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Newest Children's Book:
Minion by John David Anderson
[book cover]

Michael Morn might be a villain, but he's really not a bad guy.

When you live in New Liberty, known across the country as the City without a Super, there are only two kinds of people, after all: those who turn to crime and those who suffer. Michael and his adoptive father spend their days building boxes, special devices with mysterious abilities, which they sell to the mob at a price. They provide for each other, they look out for each other, and they'd never betray each other.

Then a Super comes to town, and Michael's world is thrown into disarray. The Comet could destroy everything Michael and his dad have built, the safe and secure life they've made for themselves. And now Michael and his father face a choice: to hold tight to their life or to let it unravel.


More New Children's Fiction:
Let's Get Cracking! by Cyndi Marko
[book cover]

Gordon Blue and his brother Benny, unlikely superheroes, must save Fowladelphia from Granny Goosebumps, who has filled the city with cookies that cause innocent chickens' feathers to fall off.

A Grimm Warning by Chris Colfer
[book cover]

Conner Bailey thinks his fairy-tale adventures are behind him, until he discovers a mysterious clue left by the famous Brothers Grimm.

With help from his classmate Bree and the outlandish Mother Goose, Conner sets off on a mission across Europe to crack a two-hundred-year-old code. Meanwhile, Alex Bailey is training to become the next Fairy Godmother, but her attempts at granting wishes never go as planned. Will she ever be truly ready to lead the Fairy Council?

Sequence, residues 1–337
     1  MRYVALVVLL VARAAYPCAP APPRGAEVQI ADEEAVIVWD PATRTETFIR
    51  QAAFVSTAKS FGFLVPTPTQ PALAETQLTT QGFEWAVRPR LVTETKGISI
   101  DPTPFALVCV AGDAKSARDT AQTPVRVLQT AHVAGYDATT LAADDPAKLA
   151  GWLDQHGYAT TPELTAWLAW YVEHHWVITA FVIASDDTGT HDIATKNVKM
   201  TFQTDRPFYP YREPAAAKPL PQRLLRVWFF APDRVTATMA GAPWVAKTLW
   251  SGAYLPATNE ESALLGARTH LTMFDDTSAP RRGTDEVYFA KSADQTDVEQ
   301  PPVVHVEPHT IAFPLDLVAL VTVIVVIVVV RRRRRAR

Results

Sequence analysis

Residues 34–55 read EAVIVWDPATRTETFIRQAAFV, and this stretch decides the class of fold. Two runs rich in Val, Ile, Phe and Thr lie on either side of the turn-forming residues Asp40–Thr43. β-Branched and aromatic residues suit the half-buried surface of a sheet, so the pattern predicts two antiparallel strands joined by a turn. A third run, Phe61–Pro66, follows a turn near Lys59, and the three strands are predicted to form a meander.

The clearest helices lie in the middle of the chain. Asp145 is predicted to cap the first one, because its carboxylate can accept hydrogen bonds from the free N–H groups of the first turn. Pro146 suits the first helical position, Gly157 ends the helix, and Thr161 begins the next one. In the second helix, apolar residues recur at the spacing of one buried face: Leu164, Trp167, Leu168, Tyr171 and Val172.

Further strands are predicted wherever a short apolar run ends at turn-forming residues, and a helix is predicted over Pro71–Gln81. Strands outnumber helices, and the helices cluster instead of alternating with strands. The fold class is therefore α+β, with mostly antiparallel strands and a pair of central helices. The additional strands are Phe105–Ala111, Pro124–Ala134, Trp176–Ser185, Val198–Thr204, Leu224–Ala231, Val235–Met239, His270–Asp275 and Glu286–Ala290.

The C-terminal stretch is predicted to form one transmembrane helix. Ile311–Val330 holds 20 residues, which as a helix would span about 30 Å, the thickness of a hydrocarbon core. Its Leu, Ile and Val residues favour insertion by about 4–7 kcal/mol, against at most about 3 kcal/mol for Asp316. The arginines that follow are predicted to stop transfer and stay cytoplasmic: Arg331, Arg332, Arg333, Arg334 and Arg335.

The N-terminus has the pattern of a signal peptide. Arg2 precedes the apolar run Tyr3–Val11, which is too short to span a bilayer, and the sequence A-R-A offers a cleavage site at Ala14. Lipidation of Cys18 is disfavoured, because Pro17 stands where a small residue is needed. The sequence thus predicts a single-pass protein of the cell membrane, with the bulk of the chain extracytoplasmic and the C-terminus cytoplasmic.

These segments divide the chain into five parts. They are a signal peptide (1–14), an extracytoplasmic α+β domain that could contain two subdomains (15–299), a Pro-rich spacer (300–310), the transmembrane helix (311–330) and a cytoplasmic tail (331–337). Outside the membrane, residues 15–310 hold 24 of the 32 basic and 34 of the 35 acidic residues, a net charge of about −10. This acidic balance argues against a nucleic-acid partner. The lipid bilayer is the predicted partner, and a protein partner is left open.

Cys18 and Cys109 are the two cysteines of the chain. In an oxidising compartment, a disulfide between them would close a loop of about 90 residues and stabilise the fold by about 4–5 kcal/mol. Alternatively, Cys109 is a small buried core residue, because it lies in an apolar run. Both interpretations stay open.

When all signs point to disaster for the Land of Stories, Conner and Alex must join forces with their friends and enemies to save the day. Nothing can prepare them for the coming battle or for the secret that will change the twins' lives forever.

The third book in the bestselling Land of Stories series puts the twins to the test as they must bring two worlds together.

Slaves of Socorro by John Flanagan
[book cover]

Hal and his fellow Herons have returned home to Skandia after defeating the pirate captain Zavac and reclaiming Skandia's most prized artifact, the Andomal.

With their honor restored, the Herons turn to a new mission: tracking down an old rival turned bitter enemy. Tursgud, leader of the Shark Brotherband and Hal's constant opponent, has turned from a bullying youth into a pirate and slave trader. After Tursgud captures twelve Araluen villagers to sell as slaves, the Heron crew sails into action, with the help of one of Araluen's finest Rangers.

In this fourth book in the Brotherband Chronicles, a new battle unfolds as old rivalries are renewed, peace treaties are put to the test, and the action builds to a pulse-pounding finale.

The Castle Behind Thorns by Merrie Haskell
[book cover]

Stories don't know everything.

When Sand wakes up alone in a long-abandoned castle, he has no idea how he got there. The stories all said the place was ruined by an earthquake, and Sand did not expect to find everything inside torn in half or smashed to bits. Nothing lives here and nothing grows, except the vicious, thorny bramble that holds Sand prisoner. Why wasn't this in the stories?

To survive, Sand does what he knows best: he fires up the castle's forge to mend what he needs. But the things he fixes work somehow better than they ought to. Is there magic in the mending? Or have the saints who once guarded this place returned?

When Sand finds the castle's lost heir, Perrotte, they begin to untwine the dark secrets that caused the destruction. Putting together the pieces, of stone and iron and of a broken life, is harder than Sand ever imagined, but it's the only way to regain their freedom.